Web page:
Modern communications technology increasingly relies on light to transmit data over fiber optics. And the high data rates that fuel the internet are achieved using many frequencies (colors) of light, each carrying a portion of data. The more colors, the more information that can be carried.
A team of researchers from Caltech, UC Santa Barbara, and the Swiss Federal Institute of Technology Lausanne (EPFL) have developed a new device that will lead to improved optical data transmission and could have applications ranging from communications to the miniaturization of time standards or to the search for exoplanets.
Their device converts laser light of a single frequency into an evenly spaced set of many distinct frequencies (a comb of frequencies). The resulting optical frequency microcomb is built from a single piece of silicon, in much the same way as computer chips. And its many colors can replace many separate lasers for data transmission.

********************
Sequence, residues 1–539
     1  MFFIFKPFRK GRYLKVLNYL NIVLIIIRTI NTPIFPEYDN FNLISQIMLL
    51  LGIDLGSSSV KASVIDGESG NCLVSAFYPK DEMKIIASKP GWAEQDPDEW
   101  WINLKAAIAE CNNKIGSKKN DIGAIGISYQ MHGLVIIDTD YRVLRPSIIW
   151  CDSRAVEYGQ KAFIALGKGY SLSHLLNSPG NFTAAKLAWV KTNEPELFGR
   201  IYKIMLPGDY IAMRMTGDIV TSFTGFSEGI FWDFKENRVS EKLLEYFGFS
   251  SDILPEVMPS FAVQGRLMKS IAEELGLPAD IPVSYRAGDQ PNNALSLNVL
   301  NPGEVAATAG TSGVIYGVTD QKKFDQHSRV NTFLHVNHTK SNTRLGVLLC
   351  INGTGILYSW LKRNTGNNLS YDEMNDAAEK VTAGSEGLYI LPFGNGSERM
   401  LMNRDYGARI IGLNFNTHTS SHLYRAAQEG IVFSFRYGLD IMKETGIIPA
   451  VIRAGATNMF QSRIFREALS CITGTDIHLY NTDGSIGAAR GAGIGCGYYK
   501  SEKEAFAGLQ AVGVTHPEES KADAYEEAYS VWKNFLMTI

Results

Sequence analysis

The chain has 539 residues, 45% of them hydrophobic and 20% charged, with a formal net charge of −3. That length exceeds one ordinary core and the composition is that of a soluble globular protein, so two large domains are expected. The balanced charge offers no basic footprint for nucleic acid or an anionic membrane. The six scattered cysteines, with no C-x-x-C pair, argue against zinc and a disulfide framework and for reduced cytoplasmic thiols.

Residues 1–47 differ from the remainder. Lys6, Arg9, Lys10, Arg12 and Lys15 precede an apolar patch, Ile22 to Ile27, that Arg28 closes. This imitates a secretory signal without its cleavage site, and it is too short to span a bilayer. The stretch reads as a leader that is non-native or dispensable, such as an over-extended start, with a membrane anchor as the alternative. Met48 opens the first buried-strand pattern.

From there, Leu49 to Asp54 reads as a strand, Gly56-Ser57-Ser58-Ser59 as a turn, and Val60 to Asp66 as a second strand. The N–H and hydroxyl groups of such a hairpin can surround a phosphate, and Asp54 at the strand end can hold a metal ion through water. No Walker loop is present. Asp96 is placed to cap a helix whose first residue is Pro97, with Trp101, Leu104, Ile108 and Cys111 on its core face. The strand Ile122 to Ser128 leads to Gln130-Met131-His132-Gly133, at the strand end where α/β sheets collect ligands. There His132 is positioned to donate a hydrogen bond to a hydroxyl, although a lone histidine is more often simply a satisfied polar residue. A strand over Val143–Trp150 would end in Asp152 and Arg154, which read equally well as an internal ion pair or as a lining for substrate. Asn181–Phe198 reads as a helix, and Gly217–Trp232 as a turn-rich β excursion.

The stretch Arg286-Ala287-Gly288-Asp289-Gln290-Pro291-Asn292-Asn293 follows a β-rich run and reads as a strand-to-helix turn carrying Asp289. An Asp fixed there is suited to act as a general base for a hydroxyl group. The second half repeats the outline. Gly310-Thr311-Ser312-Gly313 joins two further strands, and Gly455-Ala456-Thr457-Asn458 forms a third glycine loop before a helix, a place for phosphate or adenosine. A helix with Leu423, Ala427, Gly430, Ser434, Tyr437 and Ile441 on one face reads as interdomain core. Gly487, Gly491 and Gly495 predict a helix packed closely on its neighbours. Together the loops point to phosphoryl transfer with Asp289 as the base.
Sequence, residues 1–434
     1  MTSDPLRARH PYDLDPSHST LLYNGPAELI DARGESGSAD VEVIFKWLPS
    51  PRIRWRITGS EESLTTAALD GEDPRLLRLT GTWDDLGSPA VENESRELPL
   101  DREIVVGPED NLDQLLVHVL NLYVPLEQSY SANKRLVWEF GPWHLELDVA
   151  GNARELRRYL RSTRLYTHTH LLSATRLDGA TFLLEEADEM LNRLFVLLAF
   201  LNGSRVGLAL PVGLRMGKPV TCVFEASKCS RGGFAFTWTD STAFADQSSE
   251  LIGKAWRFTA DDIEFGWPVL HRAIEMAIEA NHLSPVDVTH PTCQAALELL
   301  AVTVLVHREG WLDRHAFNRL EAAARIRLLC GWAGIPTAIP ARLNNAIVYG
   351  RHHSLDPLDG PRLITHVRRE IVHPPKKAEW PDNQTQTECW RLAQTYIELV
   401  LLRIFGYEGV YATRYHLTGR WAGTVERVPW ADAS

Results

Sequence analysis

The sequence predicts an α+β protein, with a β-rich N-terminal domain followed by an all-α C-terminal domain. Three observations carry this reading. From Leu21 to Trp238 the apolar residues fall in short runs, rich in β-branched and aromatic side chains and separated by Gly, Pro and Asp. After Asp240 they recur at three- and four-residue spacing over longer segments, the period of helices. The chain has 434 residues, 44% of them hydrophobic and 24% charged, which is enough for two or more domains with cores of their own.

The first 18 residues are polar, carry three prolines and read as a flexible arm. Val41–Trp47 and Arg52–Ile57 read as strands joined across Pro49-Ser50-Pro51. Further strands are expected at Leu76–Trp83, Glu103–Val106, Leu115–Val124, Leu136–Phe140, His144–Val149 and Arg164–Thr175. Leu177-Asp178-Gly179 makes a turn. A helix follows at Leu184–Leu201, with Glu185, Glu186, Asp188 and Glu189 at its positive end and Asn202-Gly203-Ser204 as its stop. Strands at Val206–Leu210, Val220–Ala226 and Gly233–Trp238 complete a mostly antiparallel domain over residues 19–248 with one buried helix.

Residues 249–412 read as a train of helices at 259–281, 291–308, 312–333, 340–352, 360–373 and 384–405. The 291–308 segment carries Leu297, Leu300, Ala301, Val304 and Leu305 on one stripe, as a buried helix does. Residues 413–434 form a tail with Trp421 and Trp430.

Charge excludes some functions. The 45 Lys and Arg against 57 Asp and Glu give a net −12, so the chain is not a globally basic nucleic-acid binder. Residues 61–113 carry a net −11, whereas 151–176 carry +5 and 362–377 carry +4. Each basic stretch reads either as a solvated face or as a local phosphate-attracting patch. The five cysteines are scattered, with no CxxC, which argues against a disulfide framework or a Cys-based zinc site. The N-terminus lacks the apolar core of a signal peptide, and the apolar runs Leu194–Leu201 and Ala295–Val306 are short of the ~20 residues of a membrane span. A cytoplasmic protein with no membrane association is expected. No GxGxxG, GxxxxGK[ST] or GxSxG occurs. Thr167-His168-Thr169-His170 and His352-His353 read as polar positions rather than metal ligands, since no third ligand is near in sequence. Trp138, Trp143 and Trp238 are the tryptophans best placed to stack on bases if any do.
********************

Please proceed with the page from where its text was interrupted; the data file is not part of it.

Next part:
For example, more than 50 separate lasers are sometimes required to generate the light signal on a single strand of optical fiber. “Using 50 lasers has a number of drawbacks,” says UC Santa Barbara professor John Bowers, who led the research effort. “It’s expensive, and rather inefficient in terms of power.”
Source: “Optical Microcomb Device May Result in Improved Telecommunications, Sensors, Clocks”, Emily Velasco, California Institute of Technology